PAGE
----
The First Union for Black Workers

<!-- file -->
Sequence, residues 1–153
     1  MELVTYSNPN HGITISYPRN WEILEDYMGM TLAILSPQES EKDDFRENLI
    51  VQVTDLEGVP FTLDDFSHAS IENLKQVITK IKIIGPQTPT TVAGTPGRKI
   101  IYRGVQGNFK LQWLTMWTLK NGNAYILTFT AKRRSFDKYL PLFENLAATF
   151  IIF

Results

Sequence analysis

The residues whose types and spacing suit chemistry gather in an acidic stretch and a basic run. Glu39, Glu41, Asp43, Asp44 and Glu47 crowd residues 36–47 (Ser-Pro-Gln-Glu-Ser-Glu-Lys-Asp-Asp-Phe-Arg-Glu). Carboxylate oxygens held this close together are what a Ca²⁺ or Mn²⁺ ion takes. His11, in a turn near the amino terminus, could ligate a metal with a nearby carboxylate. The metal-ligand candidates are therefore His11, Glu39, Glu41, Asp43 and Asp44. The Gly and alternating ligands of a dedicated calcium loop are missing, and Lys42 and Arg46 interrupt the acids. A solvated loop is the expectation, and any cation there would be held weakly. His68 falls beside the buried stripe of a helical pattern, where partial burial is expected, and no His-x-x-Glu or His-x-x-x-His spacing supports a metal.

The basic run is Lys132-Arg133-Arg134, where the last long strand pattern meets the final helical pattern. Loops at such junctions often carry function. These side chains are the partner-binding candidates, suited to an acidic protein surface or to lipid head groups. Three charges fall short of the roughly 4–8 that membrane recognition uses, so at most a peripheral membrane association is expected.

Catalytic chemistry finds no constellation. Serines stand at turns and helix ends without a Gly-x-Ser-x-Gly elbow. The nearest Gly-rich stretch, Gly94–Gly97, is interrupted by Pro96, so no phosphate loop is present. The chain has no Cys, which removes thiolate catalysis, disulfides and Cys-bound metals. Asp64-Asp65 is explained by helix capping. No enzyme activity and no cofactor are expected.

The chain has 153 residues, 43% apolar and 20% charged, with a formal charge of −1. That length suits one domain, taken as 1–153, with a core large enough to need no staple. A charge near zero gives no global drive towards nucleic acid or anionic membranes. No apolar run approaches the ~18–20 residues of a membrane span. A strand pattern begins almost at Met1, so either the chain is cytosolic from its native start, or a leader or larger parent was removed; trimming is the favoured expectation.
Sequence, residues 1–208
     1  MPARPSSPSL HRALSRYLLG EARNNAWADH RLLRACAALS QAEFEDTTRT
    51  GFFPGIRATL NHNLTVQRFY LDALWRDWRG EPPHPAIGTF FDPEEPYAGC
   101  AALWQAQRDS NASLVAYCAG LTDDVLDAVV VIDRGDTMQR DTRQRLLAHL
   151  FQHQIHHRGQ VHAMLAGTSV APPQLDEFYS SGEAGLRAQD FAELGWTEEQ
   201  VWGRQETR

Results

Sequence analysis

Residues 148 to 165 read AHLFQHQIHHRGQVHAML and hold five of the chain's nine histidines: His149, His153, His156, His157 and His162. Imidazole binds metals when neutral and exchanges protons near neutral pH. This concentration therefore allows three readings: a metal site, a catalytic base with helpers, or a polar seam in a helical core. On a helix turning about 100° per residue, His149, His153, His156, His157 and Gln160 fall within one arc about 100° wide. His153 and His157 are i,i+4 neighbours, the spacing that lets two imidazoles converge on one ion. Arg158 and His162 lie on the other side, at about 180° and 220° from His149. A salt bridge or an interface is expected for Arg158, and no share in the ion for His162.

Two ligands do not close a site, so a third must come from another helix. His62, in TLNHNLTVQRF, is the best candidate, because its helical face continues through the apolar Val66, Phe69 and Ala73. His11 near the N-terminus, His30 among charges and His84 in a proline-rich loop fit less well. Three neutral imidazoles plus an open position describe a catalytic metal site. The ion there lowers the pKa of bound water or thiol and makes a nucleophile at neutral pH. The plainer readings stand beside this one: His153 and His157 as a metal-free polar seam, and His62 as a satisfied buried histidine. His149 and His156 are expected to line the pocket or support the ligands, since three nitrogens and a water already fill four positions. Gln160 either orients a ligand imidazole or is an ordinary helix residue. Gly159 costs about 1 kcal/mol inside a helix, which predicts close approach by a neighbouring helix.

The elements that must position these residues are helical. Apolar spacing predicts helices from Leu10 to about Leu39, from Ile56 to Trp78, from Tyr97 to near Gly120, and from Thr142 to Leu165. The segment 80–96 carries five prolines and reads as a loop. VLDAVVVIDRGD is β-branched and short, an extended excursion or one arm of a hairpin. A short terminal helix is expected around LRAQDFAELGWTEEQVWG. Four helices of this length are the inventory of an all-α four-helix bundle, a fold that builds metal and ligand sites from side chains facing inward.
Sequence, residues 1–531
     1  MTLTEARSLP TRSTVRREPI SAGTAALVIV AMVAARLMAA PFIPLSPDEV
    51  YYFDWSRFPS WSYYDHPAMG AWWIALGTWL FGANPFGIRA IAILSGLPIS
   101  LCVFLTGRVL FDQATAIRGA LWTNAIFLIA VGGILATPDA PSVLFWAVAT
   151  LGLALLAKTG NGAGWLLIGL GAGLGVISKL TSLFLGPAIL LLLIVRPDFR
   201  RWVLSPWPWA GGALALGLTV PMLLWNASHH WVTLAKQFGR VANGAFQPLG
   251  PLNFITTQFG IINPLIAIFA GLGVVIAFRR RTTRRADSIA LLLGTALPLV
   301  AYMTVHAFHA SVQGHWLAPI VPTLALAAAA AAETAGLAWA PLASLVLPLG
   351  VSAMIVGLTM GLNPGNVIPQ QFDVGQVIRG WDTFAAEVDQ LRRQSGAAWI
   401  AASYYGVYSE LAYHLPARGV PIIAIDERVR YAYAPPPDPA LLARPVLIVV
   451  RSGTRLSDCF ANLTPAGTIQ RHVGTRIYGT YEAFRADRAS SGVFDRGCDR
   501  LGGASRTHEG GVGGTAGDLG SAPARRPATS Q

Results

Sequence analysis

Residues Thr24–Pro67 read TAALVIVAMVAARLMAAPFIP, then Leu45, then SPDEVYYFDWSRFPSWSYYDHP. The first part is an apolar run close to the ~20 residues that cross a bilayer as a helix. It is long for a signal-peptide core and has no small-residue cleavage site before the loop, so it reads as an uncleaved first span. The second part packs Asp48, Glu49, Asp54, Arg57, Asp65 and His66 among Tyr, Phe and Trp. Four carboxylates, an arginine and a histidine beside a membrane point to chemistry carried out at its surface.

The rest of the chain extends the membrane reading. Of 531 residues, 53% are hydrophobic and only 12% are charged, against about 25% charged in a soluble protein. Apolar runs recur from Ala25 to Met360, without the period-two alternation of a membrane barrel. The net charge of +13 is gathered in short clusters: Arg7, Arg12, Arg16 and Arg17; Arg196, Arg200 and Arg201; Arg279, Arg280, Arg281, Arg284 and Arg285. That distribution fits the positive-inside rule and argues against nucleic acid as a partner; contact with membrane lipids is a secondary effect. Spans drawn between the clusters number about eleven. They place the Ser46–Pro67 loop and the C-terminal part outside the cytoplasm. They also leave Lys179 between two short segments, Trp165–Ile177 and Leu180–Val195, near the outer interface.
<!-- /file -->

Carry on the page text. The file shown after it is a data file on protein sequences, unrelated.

As one of only a few job opportunities available to them in Canada, the vast majority of sleeping car porters were Black men. Black railway employees were prevented from joining the Canadian Brotherhood of Railway Employees. In response, Black Canadian porters formed the first Black railway union in North America (1917) and became members of the larger Brotherhood of Sleeping Car Porters in 1939. Together, both unions combatted racism and confronted the many challenges that porters experienced on the job. The impact that the BSCP made within Canadian history is profound. At a time when Black people were fighting for their basic human rights, the union was a much-needed group that helped to fight for the rights of Black men in the workplace.